Wages fight is crucial

by Daphne Liddle

THE LEADERSHIP of the giant union Unite has emerged defiant and ready to do battle with the ruling class at its industrial sector conference in Brighton this week, after last month’s bruising defeat at Grangemouth.

The need for unions to increase their resistance was made painfully clear by Prime Minister David Cameron’s remark this week that the current austerity measures “should be made permanent” and the Government should remain “thin” — even in the event of achieving elimination of Government debts.

He was telling the workers of this country that now they are on their knees with living standards plummeting, that is where they belong and they can never again look forward to better times or the level of services we once had because the ruling class want to keep all the wealth to themselves, permanently.

And as for “thin” Government, support services may be eliminated but the repressive arms of the state, the mass surveillance, the police and the armed forces will have to get a lot fatter if they are to try to contain our justified anger.

In this situation the working class in Britain needs its unions and labour movement to be strong and capable.

Len McCluskey, the general secretary of Unite, speaking to the conference said: “

“Today, we meet in the middle of a vast media witchhunt against our union, reminiscent of the 1970s and 1980s. We are facing unscrupulous smears from both media and politicians. Every day we read statements and press articles about Unite which do not come within hailing distance of the truth.

“This shows one thing above all: Unite is making a difference. We have served notice on the establishment that fighting trade unionism is back — and the elite don’t like it.

“Of course, there is another agenda behind these attacks too. We are a proxy for smearing the Labour Party and Ed Miliband, since the same elite is now worried that a Labour government which may itself not play by the old rules is a possibility.

“They will continue because that is the Lynton Crosby agenda — the genius behind the racist ‘go home’ vans touring our cities; the man who believes the Tory path back to power lies in demonising the poor, the disabled, the vulnerable; the man imported by David Cameron to poison our national life so he can get a new tenure on Downing Street.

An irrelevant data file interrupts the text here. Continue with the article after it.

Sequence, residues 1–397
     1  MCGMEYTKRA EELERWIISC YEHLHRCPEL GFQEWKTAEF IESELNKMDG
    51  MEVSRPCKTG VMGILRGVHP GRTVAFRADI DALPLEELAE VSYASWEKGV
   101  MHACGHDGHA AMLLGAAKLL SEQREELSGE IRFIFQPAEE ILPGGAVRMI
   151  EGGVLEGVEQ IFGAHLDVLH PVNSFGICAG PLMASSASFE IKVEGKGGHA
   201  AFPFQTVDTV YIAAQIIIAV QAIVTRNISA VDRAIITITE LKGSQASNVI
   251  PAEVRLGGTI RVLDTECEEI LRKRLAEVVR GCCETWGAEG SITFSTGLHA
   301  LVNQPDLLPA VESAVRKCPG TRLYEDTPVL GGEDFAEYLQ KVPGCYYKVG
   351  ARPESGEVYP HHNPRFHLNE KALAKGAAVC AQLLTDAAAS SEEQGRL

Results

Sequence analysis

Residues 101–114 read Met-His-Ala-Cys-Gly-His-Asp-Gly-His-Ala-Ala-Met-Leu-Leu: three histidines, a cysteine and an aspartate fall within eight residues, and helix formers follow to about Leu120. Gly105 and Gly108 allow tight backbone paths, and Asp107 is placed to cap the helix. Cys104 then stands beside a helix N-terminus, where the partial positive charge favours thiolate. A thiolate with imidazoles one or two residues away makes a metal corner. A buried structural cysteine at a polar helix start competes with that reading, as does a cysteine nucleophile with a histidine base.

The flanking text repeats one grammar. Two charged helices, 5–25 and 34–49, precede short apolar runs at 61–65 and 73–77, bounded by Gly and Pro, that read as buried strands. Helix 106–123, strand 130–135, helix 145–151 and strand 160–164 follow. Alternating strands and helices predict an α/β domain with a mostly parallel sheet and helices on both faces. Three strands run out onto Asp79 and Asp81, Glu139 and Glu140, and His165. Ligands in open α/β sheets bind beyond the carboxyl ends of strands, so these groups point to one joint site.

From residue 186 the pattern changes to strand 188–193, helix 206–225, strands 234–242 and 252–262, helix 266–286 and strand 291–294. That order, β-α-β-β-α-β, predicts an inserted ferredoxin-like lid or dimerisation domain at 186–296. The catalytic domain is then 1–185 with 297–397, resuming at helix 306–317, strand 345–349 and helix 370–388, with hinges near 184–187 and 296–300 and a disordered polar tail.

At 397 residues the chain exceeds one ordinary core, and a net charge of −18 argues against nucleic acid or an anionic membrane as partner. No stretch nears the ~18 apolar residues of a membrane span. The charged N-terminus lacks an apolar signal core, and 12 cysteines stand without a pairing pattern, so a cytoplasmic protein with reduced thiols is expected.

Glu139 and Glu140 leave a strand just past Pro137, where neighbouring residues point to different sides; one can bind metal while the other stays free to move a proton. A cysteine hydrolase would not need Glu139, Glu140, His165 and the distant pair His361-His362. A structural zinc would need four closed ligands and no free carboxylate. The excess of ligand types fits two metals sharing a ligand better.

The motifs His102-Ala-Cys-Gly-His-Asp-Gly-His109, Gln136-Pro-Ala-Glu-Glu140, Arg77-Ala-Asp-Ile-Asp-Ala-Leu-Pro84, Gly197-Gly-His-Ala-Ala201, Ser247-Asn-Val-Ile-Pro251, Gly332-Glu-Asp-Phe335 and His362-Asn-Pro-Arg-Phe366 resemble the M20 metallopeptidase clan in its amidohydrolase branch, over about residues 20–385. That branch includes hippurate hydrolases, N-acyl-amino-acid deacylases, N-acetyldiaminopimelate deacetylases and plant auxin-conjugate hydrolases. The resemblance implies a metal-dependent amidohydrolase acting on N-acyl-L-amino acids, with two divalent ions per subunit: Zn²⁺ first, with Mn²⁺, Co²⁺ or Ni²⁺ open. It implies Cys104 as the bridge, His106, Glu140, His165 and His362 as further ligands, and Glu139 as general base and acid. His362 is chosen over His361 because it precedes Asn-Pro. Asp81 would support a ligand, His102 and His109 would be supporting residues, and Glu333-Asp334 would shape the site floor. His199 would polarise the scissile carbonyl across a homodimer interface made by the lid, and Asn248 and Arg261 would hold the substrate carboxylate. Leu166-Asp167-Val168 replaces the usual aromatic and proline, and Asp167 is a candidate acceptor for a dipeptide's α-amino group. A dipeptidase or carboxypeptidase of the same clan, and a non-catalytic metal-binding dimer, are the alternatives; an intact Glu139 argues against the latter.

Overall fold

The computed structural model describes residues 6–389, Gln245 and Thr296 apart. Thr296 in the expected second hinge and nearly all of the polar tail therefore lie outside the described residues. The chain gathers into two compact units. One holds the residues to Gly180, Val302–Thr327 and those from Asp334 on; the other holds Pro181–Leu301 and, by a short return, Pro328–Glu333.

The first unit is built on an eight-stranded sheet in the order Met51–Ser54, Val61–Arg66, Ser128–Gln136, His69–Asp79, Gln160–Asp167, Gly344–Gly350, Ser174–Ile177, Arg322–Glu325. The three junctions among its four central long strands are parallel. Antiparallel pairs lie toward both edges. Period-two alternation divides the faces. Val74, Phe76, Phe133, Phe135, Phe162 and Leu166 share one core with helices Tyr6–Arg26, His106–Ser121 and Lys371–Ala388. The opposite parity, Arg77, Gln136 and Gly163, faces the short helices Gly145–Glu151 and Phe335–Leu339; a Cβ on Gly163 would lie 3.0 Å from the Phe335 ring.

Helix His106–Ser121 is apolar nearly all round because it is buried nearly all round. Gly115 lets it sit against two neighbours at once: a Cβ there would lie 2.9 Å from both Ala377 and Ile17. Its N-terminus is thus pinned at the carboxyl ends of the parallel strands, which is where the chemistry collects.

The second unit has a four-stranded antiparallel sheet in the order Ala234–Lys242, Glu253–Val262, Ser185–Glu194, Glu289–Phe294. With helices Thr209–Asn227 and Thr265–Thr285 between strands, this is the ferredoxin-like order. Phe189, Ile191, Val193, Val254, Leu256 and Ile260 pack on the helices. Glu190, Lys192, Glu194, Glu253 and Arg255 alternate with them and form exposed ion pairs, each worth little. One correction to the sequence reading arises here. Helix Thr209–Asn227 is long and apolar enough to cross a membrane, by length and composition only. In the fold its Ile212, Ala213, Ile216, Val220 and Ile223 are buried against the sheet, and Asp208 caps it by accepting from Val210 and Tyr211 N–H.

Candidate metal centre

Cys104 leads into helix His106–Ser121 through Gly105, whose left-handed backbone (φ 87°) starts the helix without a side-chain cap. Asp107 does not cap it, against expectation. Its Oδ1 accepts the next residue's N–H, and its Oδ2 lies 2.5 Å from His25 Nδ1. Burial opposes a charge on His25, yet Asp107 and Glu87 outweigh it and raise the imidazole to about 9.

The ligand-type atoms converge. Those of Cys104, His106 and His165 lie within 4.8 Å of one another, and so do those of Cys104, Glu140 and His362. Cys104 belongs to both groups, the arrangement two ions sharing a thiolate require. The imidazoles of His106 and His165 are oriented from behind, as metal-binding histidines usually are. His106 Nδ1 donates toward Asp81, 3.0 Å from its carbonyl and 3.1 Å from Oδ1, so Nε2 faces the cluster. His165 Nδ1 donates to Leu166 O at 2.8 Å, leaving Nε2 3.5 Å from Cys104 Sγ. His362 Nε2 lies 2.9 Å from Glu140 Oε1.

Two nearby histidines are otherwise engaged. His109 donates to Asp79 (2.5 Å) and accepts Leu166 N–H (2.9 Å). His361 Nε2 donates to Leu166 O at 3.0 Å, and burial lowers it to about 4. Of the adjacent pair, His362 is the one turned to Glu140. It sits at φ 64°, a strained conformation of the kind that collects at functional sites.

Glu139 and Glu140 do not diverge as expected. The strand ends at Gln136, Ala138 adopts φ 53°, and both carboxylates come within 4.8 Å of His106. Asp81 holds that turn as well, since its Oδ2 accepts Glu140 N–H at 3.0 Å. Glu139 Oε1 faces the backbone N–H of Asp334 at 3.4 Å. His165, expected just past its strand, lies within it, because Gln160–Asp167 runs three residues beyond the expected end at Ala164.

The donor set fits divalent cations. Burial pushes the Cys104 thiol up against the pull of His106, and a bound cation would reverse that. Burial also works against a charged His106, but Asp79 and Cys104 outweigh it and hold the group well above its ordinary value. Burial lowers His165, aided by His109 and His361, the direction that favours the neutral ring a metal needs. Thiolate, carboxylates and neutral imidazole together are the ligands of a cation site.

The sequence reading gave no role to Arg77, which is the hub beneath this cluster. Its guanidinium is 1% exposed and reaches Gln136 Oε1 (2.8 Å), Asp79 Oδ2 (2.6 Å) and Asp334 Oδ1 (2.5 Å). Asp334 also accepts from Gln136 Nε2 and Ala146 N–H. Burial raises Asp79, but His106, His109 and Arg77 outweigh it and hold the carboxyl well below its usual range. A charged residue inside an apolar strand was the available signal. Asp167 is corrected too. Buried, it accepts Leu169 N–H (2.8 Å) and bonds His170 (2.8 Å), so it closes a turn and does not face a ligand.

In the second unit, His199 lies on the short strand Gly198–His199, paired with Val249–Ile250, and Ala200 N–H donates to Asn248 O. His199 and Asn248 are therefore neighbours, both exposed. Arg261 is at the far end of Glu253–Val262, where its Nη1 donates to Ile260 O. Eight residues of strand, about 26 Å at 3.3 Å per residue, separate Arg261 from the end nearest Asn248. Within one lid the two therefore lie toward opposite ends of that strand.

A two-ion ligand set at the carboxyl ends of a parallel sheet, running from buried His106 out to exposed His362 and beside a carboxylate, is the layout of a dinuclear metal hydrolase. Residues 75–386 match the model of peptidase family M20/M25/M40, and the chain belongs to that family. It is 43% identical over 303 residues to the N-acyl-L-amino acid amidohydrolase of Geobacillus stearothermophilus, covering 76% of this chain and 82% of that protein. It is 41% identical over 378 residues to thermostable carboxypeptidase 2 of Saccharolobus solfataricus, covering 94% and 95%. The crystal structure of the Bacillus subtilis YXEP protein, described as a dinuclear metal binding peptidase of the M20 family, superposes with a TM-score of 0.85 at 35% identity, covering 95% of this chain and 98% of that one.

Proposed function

“I have confidence that the British people will not fall for the ugly Toryism that Crosby is peddling — and I am absolutely certain of one thing — Crosby, Cameron and their kind will never break or browbeat this trade union into submission.”

It was a good statement of intent but everyone at the conference must have been aware of the shadow of the Grangemouth defeat hanging over the union.

Unite has shown that it is strong in supporting trades councils, in supporting community campaigns and in mobilising hundreds of thousands of working class people on single issue campaigns and getting them on the street.

But it could not win that all-important wage dispute in one of our few remaining major industrial manufacturing plants by action at the point of production. Jim Ratcliffe, the owner of the chemical factory and refinery complex, played his cards effectively.

He threatened to close the whole thing and panicked the workforce into fearing the loss of their jobs and the Scottish government into fearing the loss of a pillar of its economy. The pressure to cave in was too much.

But defeats can be recovered from. This one was a lesson in how dirty the bosses can get, something that would not have surprised our great grandparents who created the unions.

It is a lesson that courage and determination are required — and that the battle is probably going to get even dirtier.

And there is no battle more important than the battle for wages — it is at the heart of the irreconcilable difference of interests of the boss class and the working class.

Since the defeat of the miners in 1985 and the end of the Soviet Union bosses have steadily been getting richer and richer but they will never be satisfied until we are all starved. If our living standards are to rise we need higher wages and we must fight tooth and nail to get them until we have defeated the boss class and its capitalist system.